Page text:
HONG KONG — Retailers here hoping for a spending lift during China’s “Golden Week” holiday look set to be disappointed.
This year’s National Day holiday, marked annually on Oct. 1, and the Mid-Autumn Festival fell just a few days apart, leading some businesses to hope that the combined vacation days might spark some life in the struggling retail sector. National Day is celebrated with a weeklong vacation in Mainland China and is typically one of the busiest shopping periods for the nation, akin to Black Friday or Christmas in the West.
Data leading up to the holiday period was lackluster. In Hong Kong, visitor arrivals from Mainland China, the main driver of the city’s retail spending, fell 7 percent year-on-year in August though they narrowed from the 10 percent decline seen in July. Retail sales fell 5.4 percent, the sixth straight month of decline.
The quieter-than-usual shopping period was clearly visible. One Chanel boutique in the city had prepared for the usual rush by having 18 staff on hand, far more than were needed for the five customers perusing the store. Meanwhile, sales assistants in the watch department at a nearby Harvey Nichols store were visibly bored and playing with their phones — one was even dozing — although there was some life in the women’s wear section.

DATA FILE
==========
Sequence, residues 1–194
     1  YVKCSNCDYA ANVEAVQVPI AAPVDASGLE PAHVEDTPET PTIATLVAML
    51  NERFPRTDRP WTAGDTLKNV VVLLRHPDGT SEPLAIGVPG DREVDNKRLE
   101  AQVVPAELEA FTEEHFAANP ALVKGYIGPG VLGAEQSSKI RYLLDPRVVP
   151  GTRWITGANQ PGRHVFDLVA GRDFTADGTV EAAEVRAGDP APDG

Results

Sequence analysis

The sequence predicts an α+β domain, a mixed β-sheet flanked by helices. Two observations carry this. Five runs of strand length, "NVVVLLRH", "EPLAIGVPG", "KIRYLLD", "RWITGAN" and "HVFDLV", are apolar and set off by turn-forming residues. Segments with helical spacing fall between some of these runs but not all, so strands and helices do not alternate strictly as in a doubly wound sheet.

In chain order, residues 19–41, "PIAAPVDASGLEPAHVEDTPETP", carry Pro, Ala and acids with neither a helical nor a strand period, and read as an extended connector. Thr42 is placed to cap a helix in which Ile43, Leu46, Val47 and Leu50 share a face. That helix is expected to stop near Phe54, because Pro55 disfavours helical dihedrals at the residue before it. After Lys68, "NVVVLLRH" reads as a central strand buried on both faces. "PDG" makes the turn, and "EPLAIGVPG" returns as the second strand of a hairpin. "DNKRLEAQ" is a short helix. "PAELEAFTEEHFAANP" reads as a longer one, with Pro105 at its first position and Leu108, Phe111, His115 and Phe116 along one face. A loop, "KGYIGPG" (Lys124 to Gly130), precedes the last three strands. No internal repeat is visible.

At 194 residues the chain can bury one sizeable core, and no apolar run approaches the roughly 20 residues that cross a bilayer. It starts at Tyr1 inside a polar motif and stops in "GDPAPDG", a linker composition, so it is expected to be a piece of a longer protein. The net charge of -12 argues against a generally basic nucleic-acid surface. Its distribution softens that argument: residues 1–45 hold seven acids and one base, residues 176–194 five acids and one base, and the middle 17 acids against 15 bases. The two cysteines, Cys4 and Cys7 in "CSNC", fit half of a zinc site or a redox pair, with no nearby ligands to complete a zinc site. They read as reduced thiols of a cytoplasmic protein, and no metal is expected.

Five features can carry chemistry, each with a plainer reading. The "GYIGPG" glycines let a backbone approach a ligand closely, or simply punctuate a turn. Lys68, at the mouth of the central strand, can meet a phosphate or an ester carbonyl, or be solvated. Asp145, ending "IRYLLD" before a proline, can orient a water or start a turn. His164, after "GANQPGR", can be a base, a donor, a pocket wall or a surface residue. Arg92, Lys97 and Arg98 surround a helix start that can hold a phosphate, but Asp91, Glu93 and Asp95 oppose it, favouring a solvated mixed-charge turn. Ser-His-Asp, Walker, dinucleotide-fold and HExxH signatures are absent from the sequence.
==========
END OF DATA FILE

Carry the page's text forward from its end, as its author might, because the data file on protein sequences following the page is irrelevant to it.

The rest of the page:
The holiday period retail was “very tough,” Helen Mak, senior director of retail services at Colliers International, a property consultancy, said. “Obviously the Mainland Chinese are going away. They’re not coming to Hong Kong. They are now in Tokyo, Seoul and Taiwan. It’s the end of the holiday so it’s not going to bring back business for the last four to five days.”
She said Colliers is expecting retail sales to drop by 20 percent to 25 percent for the year and the downturn to extend until the end of next year. “The Mainland duty cuts, the economy, conditions don’t look really positive and then recently the stock market performance in China was very terrible,” she said.
Barclays retail analyst Emily Huang agreed, saying Hong Kong would continue to suffer as international competition for Mainland Chinese shoppers increased.
“We expect higher spending visitors to continue to diverge to other travel destinations, particularly destinations with depreciated currencies,” she said. “We believe Hong Kong’s product pricing advantage could also diminish if the U.S. dollar continues to be relatively strong and if China at some point removes more import tariffs or consumption taxes for more goods in China.”
In May, China cut import taxes on a number of consumer items, ranging from clothing to skin care, making it less attractive for mainland Chinese to shop overseas.
Mak noted that rents had started to come down, easing costs on retailers. “First-tier rents in Causeway Bay are now only a third of what the previous tenant was paying. The last lease would be signed about three years ago,” she said.
She cited one beauty brand who moved into Russell Street in Causeway Bay, one of the world’s most expensive commercial streets, which signed a rent agreement that was 59 percent of what the previous tenant had been paying.
In August, Coach shuttered its flagship in Central, pulling out of the lease two years early. Brands such as Chow Tai Fook and Burberry have said in recent months they were looking into renegotiating leases in Hong Kong to adjust to the softening of the market.